The Case Statement

“Everywhere today the ruling forces in civilization seem converging against the Christian tradition.  Modern civilization is not only ceasing to be Christian; it is setting itself up as an anti-religion which will tolerate no rival, and which claims to be sole master of the world.  Never, perhaps, in the whole of its history has the People of God seemed weaker and more scattered, and more at the mercy of its enemies than it is today.  Yet this is no reason for us to despair.  The Christian law of progress is the very reverse of that of the world.  When the Church possesses all the marks of external power and success, then is its hour of danger; and when it seems that no human power can save it, the time of its deliverance is at hand.” - Christopher Dawson

 

The past forty years have brought vast cultural and social changes to Ireland.  The Catholic-Christian moral vision, which was dominant for most of the nation’s history since the time of St. Patrick, has come under unrelenting attack from large segments of the media, the entertainment industry and the ruling elites.  Principles which for centuries were taken for granted - the sanctity of life, the nature of marriage, the propriety of chastity, beauty in art and music and the simple courtesies and privileges governing relations between the sexes and between the old and the young - have been eroded to the point that many in the younger generation have not heard about them, much less been taught to value them.  Never was there more need for the Catholic witness of the way we are called to live and of the ultimate destiny of each man and woman – to know Christ Jesus as the Way, the Truth and the Life, and to make Him known.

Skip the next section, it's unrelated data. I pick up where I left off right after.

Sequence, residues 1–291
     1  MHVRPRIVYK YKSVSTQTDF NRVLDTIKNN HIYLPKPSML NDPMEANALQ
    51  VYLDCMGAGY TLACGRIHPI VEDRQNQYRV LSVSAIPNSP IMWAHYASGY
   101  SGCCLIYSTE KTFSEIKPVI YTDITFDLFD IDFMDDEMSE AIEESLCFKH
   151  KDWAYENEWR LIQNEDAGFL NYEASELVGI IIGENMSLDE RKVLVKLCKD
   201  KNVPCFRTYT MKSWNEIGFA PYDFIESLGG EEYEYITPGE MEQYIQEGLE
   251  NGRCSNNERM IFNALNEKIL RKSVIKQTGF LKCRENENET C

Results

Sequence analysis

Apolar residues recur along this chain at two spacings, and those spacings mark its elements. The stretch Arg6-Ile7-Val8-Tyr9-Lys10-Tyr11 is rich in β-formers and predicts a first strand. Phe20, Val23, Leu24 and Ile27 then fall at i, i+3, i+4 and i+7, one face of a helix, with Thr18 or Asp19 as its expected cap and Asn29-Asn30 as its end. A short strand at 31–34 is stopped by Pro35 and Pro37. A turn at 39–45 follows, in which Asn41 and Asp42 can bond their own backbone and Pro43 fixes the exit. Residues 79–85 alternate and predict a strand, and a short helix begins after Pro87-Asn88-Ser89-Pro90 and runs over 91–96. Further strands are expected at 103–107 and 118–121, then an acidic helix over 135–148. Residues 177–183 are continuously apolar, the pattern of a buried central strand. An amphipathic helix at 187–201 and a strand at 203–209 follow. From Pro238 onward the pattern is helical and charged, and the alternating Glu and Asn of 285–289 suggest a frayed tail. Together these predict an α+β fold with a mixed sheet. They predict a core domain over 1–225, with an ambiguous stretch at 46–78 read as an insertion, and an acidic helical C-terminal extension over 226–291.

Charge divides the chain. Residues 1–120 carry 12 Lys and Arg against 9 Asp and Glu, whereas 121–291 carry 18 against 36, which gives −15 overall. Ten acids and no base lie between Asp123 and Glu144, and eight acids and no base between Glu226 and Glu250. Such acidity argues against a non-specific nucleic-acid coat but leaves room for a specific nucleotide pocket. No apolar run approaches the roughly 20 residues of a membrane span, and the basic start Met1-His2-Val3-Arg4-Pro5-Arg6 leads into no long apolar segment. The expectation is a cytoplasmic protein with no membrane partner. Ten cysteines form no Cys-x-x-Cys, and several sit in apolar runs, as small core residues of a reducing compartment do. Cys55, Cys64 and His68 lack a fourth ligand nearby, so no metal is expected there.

Ireland’s membership in the European Union brought about considerable (if uneven) prosperity and development.  Yet it came at a price.  The loss of full independence and an already weakened faith found Ireland unprepared for the onslaught of secularism from the Continent.  And the Church, which had for centuries been the main guardian of those values, personal and communal, which sustained Ireland through persecution, poverty and famine, has been severely impaired by scandal and undermined by dissent and confusion.  Catholic Ireland, which once led the world in religious education and missionary activity, has become so hollowed out that it is no longer ordaining enough priests even to serve the diminished number of church-going Catholics in Ireland.  For perhaps the first time in over a millennium, Ireland faces a crisis of faith.